The military has implemented a new policy stating removable media can not be used on SIPRNET computers. While this may seem like a good thing the implementation may be lacking. The private sector has warned of the exposure caused by removable media for years. From a practical stand point banning all removable media is nothing more than a good sounding idea.
“Users will experience difficulty with transferring data for operational needs which could impede timeliness on mission execution,” the document admits. But “military personnel who do not comply … may be punished under Article 92 of the Uniformed Code of Military Justice.” Article 92 is the armed forces’ regulation covering failure to obey orders and dereliction of duty, and it stipulates that violators “shall be punished as a court-martial may direct.”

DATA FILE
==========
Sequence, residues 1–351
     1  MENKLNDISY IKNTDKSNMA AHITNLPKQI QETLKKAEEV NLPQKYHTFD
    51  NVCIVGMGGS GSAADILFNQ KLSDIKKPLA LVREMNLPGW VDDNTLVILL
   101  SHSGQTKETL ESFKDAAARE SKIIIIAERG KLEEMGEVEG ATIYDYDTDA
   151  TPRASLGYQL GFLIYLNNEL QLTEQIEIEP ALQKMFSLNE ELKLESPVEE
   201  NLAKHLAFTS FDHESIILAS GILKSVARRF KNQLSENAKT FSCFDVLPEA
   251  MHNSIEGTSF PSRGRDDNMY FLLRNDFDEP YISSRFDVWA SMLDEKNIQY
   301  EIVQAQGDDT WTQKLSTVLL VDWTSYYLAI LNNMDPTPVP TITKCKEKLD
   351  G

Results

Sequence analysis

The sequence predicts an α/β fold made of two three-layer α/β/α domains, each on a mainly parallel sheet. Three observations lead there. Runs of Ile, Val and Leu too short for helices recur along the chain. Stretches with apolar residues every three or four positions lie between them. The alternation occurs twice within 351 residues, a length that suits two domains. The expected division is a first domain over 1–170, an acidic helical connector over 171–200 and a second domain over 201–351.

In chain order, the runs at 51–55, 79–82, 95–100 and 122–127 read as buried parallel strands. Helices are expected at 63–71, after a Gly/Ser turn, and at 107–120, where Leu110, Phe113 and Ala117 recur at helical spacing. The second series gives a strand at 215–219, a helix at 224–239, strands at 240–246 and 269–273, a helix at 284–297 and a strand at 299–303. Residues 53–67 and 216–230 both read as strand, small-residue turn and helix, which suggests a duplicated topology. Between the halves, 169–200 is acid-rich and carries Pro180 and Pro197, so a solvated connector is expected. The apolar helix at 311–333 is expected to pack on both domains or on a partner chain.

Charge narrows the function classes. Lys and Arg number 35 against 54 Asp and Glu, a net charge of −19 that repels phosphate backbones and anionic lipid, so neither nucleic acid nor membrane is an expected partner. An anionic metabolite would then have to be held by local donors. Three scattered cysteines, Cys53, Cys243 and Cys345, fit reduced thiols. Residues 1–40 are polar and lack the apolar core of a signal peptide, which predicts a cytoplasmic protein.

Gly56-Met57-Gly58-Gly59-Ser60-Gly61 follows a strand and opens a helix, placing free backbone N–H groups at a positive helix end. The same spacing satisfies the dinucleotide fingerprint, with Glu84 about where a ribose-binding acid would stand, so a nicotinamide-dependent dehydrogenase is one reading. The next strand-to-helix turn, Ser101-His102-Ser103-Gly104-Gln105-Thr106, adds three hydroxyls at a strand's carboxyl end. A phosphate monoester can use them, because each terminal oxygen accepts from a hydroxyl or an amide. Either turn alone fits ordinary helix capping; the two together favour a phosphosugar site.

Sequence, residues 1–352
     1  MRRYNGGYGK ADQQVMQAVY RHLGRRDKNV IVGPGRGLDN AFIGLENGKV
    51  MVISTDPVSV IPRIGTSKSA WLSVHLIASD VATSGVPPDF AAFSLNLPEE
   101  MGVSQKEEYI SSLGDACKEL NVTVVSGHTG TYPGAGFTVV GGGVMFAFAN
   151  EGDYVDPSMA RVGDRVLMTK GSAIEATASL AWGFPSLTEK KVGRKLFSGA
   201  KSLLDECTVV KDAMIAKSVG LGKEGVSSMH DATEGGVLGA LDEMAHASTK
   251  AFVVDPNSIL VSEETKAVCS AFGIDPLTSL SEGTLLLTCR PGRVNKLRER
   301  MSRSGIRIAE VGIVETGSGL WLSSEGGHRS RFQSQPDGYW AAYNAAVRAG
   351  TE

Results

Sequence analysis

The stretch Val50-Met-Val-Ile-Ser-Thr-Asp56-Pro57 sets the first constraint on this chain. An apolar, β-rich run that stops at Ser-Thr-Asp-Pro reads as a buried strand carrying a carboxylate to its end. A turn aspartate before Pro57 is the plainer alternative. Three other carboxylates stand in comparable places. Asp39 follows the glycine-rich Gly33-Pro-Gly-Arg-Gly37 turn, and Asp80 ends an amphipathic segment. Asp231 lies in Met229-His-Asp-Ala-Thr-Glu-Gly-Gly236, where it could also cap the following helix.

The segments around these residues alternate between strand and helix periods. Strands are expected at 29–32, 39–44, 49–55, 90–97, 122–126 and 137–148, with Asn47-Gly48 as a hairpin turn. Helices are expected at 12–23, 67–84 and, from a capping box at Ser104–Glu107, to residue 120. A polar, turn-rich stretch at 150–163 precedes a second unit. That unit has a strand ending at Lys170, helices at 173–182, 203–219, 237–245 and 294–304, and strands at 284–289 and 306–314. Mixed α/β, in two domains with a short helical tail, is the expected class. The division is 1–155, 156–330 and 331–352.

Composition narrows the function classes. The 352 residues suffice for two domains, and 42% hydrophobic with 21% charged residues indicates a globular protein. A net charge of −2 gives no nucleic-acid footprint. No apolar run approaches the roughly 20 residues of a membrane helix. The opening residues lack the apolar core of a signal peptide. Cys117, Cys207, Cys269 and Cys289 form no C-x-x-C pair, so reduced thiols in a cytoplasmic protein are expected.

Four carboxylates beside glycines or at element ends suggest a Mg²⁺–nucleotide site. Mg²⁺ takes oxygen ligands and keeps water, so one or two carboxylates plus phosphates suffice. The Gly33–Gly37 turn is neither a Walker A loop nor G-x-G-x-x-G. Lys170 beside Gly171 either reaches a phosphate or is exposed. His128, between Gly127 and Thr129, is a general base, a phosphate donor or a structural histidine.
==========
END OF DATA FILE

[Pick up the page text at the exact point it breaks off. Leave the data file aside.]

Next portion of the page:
The military understands that efficiency will be impacted by their decision and they appear to be sticking by their guns on disciplining anyone who disobeys orders. The key point here is a loss of efficiency via this policy . Private sector businesses rely on efficiency to maintain profitability. Before implementing such a policy at your business, it is important to determine if it is the right thing to do. The CFO is going to be interested in the impact any proposed policy has on the bottom line. The loss of efficiency is something that will have to be weighed against security. Based on the content of the Wired.com article it appears that no preventative technological controls are going to be used, otherwise punishing soldiers with a courts martial would not be mentioned. The best solution would be to use technology to disable removable media as a supplement to the policy. Policies that depend on the honesty of the workforce are seldom successful. The anonymous sources in the article that intend to keep using removable media show that policies alone do not equal security.